In a perfect world, your team would come to work every day amped about their jobs, ready to sell to the best of their ability, and leave feeling accomplished and satisfied.
Sometimes, that world is a reality. What’s far more likely, though, is facing the challenge of motivating an underperforming sales professional or even an entire sales team.
Some abide by the “get on board or get out” policy, and there are certainly circumstances where firing an employee is an appropriate response, but it should never be the first line of defense when the main challenge is a lack of motivation.
Instead, try these tips and techniques for lighting a fire under your lagging teammates and hopefully witness a transformation.
Don’t push off the problem.
If you notice signs that your employee or team is feeling less than motivated, don’t ignore the problem in the hopes it will resolve itself organically. Situations like this can often catch and spread like a virus, infiltrating other areas of your team. That’s a much bigger problem than just one unmotivated team member. Talking to the team member who seems down in the dumps is an important first step, and one you should take at the first sign of an issue.
Make sure you’re looking at the situation objectively.
We’re only human, and as such, it’s easy to let unconscious bias color our behavior and treatment of our team members. In looking at the situation objectively, from a 10,000-foot view, you will be able to do the next step, which is:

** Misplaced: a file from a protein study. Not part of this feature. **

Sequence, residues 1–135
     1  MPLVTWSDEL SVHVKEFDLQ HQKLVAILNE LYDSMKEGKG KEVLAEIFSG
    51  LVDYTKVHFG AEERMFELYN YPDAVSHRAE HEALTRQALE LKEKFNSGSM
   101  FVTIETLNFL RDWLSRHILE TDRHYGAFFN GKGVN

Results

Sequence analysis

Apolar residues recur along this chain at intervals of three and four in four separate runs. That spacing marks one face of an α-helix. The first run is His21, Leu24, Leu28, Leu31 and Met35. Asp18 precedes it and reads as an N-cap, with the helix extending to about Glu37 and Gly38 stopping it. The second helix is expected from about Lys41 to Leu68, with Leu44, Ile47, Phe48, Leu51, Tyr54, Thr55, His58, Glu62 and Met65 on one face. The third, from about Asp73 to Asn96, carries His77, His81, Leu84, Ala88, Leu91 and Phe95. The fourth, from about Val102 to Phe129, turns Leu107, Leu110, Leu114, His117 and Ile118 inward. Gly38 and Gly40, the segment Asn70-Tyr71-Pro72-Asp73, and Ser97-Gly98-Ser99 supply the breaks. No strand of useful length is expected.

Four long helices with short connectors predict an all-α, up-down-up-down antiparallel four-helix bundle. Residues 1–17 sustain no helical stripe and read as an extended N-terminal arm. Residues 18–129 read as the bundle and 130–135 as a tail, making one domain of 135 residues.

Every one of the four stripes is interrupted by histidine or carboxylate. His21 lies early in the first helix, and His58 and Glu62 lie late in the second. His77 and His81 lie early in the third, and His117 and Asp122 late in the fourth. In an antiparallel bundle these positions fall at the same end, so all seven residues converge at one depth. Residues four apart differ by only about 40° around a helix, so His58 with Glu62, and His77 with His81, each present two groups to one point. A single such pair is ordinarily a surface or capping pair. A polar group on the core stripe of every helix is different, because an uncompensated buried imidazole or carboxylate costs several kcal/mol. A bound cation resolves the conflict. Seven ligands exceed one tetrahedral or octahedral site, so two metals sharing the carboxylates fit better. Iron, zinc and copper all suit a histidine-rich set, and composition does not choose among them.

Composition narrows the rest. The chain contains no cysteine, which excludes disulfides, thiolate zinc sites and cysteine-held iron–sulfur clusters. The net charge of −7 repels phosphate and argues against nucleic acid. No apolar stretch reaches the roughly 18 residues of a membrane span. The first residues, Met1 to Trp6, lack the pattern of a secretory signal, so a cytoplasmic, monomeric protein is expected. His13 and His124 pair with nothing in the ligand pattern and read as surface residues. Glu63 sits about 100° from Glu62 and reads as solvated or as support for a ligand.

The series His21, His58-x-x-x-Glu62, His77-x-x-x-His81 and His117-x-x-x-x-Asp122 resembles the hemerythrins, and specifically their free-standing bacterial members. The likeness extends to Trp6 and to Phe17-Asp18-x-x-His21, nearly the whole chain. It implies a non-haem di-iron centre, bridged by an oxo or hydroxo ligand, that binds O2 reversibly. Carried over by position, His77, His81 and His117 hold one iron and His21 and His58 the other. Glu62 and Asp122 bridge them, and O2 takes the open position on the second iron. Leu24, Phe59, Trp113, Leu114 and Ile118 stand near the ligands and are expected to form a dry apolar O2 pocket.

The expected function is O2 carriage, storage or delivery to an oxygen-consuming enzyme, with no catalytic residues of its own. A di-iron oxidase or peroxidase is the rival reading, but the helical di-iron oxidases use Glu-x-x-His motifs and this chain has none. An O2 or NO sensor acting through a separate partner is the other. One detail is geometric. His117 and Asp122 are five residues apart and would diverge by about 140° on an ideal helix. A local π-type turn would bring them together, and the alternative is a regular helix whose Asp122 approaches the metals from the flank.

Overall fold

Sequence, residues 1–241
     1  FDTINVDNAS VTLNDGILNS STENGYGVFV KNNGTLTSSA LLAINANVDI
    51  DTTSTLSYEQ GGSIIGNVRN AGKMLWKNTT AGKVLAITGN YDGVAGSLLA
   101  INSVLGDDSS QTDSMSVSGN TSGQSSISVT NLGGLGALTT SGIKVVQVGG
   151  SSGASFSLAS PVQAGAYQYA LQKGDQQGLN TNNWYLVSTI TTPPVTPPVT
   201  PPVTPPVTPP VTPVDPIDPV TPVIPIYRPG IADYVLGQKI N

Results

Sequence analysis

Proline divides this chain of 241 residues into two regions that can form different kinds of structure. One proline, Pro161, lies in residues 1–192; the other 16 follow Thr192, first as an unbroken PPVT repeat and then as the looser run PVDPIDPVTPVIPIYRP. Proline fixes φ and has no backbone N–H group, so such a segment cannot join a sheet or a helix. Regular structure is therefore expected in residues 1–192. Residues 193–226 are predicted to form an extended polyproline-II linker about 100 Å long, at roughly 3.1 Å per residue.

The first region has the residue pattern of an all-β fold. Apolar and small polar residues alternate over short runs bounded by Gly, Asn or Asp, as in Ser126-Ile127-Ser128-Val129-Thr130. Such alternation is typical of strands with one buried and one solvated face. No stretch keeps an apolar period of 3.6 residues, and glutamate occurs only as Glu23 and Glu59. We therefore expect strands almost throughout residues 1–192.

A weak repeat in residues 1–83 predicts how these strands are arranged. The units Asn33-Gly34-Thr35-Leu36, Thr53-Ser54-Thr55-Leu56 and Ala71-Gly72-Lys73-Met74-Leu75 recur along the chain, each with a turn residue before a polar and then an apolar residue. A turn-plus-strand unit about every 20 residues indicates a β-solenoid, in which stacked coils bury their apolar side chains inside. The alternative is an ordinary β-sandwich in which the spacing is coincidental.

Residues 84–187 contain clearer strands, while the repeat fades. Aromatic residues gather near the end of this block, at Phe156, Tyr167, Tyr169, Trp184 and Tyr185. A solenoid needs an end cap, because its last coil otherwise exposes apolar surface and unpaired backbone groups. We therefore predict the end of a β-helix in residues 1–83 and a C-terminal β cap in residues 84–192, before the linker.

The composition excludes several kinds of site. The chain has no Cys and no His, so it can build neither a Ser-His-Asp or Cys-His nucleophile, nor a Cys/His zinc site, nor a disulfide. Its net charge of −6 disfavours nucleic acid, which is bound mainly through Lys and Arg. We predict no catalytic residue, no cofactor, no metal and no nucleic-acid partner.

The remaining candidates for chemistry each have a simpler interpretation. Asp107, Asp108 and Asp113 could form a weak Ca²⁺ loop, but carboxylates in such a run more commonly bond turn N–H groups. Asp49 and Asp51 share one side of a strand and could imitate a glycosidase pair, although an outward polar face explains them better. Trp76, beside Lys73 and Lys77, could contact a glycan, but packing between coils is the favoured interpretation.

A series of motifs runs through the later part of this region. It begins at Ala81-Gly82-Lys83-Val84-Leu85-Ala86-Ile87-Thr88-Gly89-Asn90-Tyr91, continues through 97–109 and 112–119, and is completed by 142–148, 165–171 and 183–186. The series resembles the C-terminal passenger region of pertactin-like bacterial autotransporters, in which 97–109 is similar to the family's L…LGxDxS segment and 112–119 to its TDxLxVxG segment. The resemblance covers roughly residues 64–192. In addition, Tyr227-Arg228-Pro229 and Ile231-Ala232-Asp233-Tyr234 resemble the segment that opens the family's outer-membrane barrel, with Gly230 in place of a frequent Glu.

Find the core issue.
It may be that this employee is simply a bad fit. That’s an unfortunate outcome, and ultimately one that’s on you, because you hired them. But it also could be that they don’t feel they have the necessary tools or training to do their job effectively, and feel demoralized and unmotivated as a result. That’s another thing that’s on you, but it’s a situation you can fix with the right approach.
Make it a collaborative effort to improve.
If your underperforming sales team member says, “Sorry, this is who I am,” you have a decision on your hands. Hopefully, though, they are amenable to your desire to help them improve, and will work with you to come up with a solution, whether that means mentorship, more frequent check-ins, new tools or training, or any combination thereof.
Make a plan and check in regularly.
Once you have their cooperation and feel they are on board with making a change, lay out a roadmap for improvement and stick to it. By having clear objectives and a clear timeline, you accomplish two things: you empower your employee to improve, and you show that you are serious about the need for change.
No one’s perfect all the time, nor should they be expected to be. When your team members are in a slump, use these steps to identify the problem and create an achievable plan for success.